FDA, companies to study metal-on-metal implant effects
  • Mon, 07/02/2012 - 4:06pm

The FDA recently asked a panel of experts to recommend guidelines for monitoring over 500,000 patients with metal-on-metal hip replacements.

According to the Associated Press, “The devices were originally marketed as a longer-lasting alternative to older ceramic and plastic models. But recent data from the U.K. and other foreign countries suggests they are more likely to deteriorate, exposing patients to higher levels of cobalt, chromium and other metals.”

Thursday, the panel suggested that all metal-on-metal hip replacement patients should undergo yearly X-rays. Those patients who are suffering pain should also undergo blood tests for metallosis, or blood poisoning, since metal-on-metal hip replacements have been known to shed particles in the blood stream.

These recommendations are more lax than other countries, including the U.K., who already advised that all patients get yearly blood tests.

The AP reports that arthritis or injury sends nearly 400,000 Americans to the hospital for hip replacement, or arthroplasty, each year. In 2008, metal-on-metal systems accounted for 40 percent of those operations. By 2010, that number declined 13 percent thanks to recalls like Johnson & Johnson’s recall of 93,000 defective devices.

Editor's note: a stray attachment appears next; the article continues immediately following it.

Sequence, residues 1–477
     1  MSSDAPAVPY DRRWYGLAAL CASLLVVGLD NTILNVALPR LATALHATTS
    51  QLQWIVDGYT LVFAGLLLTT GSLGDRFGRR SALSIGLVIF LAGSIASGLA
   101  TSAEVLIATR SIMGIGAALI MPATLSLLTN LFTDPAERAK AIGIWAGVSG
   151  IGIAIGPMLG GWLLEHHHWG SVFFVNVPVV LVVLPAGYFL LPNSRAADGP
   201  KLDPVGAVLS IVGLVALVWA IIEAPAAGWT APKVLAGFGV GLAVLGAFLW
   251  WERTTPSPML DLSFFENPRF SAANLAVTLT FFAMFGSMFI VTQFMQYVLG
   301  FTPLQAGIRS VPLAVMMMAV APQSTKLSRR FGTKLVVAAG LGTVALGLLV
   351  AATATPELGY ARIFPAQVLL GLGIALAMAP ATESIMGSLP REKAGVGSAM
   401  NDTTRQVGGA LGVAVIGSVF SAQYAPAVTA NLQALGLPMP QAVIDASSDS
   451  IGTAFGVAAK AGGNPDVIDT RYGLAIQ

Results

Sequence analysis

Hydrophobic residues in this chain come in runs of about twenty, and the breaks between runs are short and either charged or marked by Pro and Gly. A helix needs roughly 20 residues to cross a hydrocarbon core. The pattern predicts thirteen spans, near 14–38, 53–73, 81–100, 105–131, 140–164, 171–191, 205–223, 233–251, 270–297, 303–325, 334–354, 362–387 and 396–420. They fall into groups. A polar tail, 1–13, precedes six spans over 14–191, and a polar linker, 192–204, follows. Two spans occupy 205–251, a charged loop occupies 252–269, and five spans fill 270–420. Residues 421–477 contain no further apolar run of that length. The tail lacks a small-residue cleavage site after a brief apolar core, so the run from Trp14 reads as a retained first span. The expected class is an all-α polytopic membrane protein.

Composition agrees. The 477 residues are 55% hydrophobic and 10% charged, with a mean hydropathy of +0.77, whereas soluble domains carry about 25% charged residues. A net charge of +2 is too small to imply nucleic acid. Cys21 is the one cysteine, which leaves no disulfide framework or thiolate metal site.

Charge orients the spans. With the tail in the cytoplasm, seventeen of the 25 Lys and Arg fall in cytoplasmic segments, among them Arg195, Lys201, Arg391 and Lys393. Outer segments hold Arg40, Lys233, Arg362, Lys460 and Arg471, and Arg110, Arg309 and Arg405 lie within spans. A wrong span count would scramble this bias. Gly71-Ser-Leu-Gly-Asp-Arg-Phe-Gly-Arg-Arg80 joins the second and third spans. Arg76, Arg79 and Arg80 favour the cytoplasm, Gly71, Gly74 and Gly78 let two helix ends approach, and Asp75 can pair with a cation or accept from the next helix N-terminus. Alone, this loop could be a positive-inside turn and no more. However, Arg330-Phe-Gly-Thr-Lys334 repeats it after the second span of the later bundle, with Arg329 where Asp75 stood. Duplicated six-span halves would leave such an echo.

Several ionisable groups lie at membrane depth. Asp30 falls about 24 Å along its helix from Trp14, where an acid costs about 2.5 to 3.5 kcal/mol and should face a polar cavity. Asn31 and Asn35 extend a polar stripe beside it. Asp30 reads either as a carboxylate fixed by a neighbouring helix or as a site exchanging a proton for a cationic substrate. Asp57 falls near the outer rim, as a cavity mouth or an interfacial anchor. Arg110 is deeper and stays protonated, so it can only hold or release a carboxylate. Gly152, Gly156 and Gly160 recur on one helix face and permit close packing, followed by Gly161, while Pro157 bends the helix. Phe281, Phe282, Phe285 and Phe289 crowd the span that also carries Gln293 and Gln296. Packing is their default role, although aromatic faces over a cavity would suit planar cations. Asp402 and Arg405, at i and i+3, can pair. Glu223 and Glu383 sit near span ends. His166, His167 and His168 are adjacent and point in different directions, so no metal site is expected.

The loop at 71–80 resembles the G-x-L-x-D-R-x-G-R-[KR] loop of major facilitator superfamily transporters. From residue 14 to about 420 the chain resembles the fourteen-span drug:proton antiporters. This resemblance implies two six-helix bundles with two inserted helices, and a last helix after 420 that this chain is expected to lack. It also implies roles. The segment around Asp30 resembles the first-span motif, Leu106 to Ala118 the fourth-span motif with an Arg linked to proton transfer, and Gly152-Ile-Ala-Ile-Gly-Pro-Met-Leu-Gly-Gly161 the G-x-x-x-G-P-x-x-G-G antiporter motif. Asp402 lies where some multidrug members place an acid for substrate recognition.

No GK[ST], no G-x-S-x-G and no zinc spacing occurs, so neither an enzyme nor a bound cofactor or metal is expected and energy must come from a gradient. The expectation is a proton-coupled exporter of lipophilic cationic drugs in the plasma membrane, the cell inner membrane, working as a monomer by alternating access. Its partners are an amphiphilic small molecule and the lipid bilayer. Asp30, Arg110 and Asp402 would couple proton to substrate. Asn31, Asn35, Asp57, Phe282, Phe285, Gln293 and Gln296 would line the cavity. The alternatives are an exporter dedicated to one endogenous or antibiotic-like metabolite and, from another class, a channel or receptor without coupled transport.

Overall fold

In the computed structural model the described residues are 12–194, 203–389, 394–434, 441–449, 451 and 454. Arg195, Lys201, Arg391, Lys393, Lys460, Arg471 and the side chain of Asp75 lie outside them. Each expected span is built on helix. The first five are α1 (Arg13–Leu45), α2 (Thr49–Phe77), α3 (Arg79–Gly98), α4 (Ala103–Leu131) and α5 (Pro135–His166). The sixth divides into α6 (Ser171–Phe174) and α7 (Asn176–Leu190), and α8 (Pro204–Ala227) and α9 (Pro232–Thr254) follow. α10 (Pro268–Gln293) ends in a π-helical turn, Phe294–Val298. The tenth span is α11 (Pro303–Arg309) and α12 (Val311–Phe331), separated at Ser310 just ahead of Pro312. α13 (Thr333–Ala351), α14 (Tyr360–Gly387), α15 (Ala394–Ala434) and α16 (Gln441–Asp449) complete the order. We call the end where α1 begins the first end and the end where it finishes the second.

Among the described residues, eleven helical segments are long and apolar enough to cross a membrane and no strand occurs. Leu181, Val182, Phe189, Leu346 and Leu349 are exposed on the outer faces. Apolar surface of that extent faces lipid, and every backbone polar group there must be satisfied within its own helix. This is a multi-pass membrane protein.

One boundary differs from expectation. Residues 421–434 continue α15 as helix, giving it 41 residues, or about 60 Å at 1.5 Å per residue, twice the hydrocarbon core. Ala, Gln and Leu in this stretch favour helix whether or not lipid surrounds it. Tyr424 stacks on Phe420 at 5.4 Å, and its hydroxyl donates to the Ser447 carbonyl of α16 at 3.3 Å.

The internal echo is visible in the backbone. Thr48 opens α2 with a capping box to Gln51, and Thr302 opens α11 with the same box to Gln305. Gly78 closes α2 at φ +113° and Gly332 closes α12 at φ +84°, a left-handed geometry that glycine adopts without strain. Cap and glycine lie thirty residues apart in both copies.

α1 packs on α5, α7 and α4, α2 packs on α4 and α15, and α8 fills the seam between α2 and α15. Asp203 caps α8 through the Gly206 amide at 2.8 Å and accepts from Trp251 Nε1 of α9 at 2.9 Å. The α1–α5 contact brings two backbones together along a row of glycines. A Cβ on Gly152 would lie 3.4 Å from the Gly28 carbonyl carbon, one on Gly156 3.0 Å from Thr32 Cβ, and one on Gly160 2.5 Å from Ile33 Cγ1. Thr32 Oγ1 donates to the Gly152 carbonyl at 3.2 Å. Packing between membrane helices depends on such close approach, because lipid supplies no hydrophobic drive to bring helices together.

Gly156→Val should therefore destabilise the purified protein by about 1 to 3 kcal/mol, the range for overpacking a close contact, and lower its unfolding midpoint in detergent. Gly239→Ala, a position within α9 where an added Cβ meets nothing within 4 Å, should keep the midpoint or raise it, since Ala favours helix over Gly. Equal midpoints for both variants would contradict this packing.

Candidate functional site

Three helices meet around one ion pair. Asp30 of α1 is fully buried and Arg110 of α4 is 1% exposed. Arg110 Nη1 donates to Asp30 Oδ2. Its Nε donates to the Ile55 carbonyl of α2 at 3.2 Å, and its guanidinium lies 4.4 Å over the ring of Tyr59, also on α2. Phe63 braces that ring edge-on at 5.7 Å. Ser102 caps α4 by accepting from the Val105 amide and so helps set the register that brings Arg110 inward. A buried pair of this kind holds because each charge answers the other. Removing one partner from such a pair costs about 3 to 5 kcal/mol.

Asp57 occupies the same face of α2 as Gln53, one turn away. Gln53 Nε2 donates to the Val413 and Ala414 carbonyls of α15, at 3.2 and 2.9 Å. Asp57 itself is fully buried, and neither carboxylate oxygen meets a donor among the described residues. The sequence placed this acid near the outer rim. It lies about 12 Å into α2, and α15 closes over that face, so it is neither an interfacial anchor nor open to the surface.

The FDA has not requested metal-on-metal hip implants be removed from the market. Instead, it hopes that monitoring patients will determine why women and the obese are more prone to problems with them.

“With little definitive data on U.S. hip implants, the agency has asked manufacturers like Johnson & Johnson, Zimmer Holdings Inc. and Biomet Inc. to conduct long-term, follow-up studies of more than 100 metal-on-metal hips on the U.S. market,” according to the AP.

Some are critical of this decision.

"Keeping these metal-on-metal hips on the market for the next five to 10 years while research is conducted is not ethical," said National Research Center for Women & Families president Diana Zuckerman during the panel’s open forum session. "If the companies want to sell metal-on-metal hips, they should be required to prove their safety first."

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About the Contributor

Kaitlin Gill
Cleveland
I report on news regarding product safety concerns for individuals and families.

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